- all the parts of a thing taken together, so that each part is considered only in relation to the whole.
- the entire costume of an individual, especially when all the parts are in harmony: She was wearing a beautiful ensemble by one of the French designers.
- a set of furniture.
- the united performance of an entire group of singers, musicians, etc.
- the group so performing: a string ensemble.
- a group of supporting entertainers, as actors, dancers, and singers, in a theatrical production.
Origin of ensemble
SynonymsSee more synonyms for ensemble on Thesaurus.com
Examples from the Web for ensembles
Zoe Saldana has also recently praised sci-fi movies for the depth and breadth of women in its ensembles.Science-Fiction TV Finds a New Muse: Feminism
November 29, 2014
Ensembles are of vestigial interest in this new pop culture.Van Dyke Parks on How Songwriters Are Getting Screwed in the Digital Age
Van Dyke Parks
June 4, 2014
These ensembles are not as radical or strictly Hollywood as they may seem.Salt's Spy Style
July 23, 2010
Like any cutting-edge trendsetter, Twain soon realized that his ensembles might not always please the pedestrian audience.America's First Modern Celebrity
Laura Skandera Trombley
March 20, 2010
Only the dances and ensembles of the choruses were tried out in the afternoon.The Corner House Girls in a Play
Grace Brooks Hill
Meyerbeer's distribution of arias, duets, ensembles, and finales is the result of a deliberate eclecticism.How Music Developed
W. J. Henderson
After we get the numbers taught—that is, the songs—then I start to teach the ensembles to dance the different routines.The Art of Stage Dancing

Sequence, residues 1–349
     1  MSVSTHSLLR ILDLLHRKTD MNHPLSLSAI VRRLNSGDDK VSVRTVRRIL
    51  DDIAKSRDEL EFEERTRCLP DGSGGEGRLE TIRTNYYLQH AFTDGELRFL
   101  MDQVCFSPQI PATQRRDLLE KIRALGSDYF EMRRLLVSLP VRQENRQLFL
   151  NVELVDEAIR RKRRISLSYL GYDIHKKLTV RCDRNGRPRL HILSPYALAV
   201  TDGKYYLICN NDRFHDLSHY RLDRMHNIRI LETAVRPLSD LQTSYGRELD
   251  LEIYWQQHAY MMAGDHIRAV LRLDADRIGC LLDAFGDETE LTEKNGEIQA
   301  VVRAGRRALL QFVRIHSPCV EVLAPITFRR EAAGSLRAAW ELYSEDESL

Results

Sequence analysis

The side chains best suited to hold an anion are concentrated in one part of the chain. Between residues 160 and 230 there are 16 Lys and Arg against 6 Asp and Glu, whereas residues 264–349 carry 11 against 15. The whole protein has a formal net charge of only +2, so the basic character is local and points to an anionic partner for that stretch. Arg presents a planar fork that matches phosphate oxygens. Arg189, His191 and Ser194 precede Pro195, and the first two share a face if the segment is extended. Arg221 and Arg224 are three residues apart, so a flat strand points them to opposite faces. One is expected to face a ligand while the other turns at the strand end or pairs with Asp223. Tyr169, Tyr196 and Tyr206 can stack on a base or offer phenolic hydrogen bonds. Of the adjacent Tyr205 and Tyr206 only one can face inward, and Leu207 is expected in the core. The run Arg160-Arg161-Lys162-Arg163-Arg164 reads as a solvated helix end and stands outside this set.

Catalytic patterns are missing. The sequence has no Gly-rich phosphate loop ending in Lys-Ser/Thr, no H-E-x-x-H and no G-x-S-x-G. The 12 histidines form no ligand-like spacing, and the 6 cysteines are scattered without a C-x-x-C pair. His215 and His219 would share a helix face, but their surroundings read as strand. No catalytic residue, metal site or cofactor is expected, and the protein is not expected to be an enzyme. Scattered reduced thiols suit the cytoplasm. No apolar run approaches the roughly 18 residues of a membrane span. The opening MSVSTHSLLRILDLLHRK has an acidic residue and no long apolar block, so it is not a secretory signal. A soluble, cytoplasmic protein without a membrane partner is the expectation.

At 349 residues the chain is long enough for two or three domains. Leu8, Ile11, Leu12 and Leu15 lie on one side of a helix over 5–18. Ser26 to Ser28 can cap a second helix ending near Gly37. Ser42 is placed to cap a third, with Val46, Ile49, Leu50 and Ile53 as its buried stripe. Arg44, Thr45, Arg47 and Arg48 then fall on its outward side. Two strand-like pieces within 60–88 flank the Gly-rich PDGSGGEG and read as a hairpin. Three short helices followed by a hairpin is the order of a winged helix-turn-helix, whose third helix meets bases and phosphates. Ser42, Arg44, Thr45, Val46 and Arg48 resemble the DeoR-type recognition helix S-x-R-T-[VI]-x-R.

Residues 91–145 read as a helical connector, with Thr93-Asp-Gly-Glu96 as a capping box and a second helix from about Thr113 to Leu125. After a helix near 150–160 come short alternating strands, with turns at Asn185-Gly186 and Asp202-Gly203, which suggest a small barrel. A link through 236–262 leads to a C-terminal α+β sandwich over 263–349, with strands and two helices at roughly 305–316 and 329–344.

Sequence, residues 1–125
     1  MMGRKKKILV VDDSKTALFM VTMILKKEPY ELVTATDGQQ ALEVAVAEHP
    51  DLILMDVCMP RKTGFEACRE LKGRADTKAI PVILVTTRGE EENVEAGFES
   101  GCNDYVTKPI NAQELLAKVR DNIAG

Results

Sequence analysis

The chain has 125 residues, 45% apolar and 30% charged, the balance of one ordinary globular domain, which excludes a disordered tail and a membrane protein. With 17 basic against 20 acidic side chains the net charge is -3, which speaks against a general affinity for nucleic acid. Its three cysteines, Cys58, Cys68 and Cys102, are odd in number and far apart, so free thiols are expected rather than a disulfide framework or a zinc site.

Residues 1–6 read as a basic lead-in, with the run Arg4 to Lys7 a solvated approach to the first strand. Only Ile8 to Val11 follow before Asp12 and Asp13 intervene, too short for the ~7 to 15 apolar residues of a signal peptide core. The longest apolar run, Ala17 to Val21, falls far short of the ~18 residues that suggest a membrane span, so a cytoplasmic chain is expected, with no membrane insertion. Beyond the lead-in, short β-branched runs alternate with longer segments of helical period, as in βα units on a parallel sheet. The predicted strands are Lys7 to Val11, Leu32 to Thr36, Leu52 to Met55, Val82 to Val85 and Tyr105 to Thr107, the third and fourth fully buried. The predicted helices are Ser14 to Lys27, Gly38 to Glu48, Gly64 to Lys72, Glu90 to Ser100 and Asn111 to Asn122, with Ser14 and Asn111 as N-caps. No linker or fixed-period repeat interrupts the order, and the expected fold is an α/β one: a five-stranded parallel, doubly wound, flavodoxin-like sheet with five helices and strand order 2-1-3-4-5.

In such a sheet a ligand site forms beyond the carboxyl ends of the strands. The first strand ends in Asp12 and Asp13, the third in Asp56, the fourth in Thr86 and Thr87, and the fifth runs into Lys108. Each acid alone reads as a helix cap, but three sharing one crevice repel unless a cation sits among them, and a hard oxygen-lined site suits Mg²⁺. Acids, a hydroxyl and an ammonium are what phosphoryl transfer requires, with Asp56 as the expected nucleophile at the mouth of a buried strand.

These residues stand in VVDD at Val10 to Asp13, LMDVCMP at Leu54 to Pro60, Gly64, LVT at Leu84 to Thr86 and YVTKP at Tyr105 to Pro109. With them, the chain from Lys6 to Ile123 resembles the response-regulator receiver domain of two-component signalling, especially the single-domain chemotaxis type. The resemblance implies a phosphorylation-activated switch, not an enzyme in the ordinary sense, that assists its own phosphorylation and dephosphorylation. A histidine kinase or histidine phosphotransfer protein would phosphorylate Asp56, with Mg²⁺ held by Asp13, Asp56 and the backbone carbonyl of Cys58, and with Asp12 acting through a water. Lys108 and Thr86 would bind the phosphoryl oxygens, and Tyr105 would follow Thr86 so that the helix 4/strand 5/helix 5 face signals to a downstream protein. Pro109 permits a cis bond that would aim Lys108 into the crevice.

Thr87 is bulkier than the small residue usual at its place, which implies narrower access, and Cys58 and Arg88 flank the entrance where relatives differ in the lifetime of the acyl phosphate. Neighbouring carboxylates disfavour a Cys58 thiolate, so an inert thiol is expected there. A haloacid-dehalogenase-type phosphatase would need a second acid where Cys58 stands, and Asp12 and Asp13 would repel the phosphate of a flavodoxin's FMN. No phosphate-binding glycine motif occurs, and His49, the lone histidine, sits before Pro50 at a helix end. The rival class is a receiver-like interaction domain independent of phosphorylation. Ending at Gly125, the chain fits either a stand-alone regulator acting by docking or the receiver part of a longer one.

We find none of the set forms of the later opera seria, no regular arie, no duets, no ensembles.Life Of Mozart, Vol. 2 (of 3)
The ensembles are of a far higher character than the solos, both as regards characterisation and musical execution.Life Of Mozart, Vol. 1 (of 3)
- all the parts of something considered together and in relation to the whole
- a person's complete costume; outfit
- the cast of a play other than the principals; supporting players
- (as modifier)an ensemble role
- a group of soloists singing or playing together
- (as modifier)an ensemble passage
- music the degree of precision and unity exhibited by a group of instrumentalists or singers performing togetherthe ensemble of the strings is good
- the general or total effect of something made up of individual parts
- a set of systems (such as a set of collections of atoms) that are identical in all respects apart from the motions of their constituents
- a single system (such as a collection of atoms) in which the properties are determined by the statistical behaviour of its constituents
- all together or at once
- (of a film or play) involving several separate but often interrelated story linesensemble comedy drama
- involving no individual star but several actors whose roles are of equal importancefine ensemble playing
Word Origin and History for ensembles
mid-15c., as an adverb, "together, at the same time," from Middle French ensemblée "all the parts of a thing considered together," from Late Latin insimul "at the same time," from in- intensive prefix + simul "at the same time," related to similis (see similar). The noun is from 1703, "parts of a thing taken together;" musical sense in English first attested 1844. Of women's dress and accessories, from 1927.